It frustrates me that I don’t have more names for the spectrum of colors in the brown category. When pointing out the skin color of white characters in her books, I can use words like white, cream, peach, pink, rose, and tan. When the characters are black, I’m stuck with brown; maybe mahogany or cinnamon if I’m feeling really creative.* My lack of words for brown says as much about our dismissal of all things (and people) black and brown, as much as my internalization of that dismissal.

Despite the hole in my vocabulary, however, I’m trucking along anyway, determined to continue talking about skin color with her because I know the best way to raise a racist child is to avoid talking about race. I also know that in failing to talk about skin color with children, we teach them that the subject is taboo, making it difficult for them to have productive conversations about race later in life. I am reminded of this when my students, six weeks into a course on race in the public education system, still clam up at the start of class, awkwardly stumbling into language about “blacks” and “the races” only after insistent prodding by me. I am reminded of this by the guilty silence of my colleagues in response to observations at a recent faculty meting that we haven’t had a scholar of color give a talk at the school in two years. I am reminded of this by the radio silence I encountered in response to my explanation to a white peer that I picked a particular pre-school for my child because there were black dolls in the classrooms.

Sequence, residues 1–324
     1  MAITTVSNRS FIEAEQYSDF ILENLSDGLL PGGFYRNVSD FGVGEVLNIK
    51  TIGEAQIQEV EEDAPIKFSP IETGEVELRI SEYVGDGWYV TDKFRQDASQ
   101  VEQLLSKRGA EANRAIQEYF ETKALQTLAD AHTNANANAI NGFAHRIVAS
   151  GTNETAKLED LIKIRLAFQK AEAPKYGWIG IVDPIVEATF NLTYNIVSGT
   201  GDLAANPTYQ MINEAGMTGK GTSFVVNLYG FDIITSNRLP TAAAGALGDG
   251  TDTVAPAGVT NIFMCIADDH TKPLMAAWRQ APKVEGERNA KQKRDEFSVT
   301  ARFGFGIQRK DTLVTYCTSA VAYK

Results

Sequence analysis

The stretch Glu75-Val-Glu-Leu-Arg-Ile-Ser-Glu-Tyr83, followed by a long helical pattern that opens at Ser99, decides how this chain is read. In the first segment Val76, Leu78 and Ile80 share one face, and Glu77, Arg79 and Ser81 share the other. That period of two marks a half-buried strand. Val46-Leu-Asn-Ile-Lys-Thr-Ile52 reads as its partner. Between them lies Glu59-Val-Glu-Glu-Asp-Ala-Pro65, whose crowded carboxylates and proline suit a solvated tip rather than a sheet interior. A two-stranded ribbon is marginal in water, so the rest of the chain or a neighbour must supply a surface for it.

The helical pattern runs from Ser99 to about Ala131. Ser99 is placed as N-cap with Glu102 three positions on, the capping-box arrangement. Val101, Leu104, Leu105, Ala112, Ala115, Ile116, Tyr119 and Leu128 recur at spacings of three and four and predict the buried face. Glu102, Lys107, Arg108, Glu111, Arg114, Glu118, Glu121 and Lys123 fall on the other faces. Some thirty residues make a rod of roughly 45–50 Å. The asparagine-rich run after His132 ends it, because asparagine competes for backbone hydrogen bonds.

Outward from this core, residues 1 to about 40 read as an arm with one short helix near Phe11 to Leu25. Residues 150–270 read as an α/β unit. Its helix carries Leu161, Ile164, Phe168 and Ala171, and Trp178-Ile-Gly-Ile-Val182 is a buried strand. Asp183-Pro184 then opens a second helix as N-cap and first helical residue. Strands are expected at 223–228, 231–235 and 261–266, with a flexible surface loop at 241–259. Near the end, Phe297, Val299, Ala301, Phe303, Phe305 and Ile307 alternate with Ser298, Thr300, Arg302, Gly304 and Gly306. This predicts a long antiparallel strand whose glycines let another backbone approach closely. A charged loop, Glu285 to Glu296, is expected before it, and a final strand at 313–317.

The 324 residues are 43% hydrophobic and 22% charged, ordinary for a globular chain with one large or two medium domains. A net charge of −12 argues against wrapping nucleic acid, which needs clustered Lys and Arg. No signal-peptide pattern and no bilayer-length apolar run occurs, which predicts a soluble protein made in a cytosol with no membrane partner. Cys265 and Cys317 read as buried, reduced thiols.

I am determined to raise a child who is comfortable talking about race, skin color, and it significance in our society. Although it’s likely wishful thinking, maybe her generation will revolutionize the discourse on race in our country, finally acknowledging worth and beauty in the rainbow of skin color among human beings. In the spirit of such a revolution, I say Power to the Bebow!

*The author welcomes suggestions!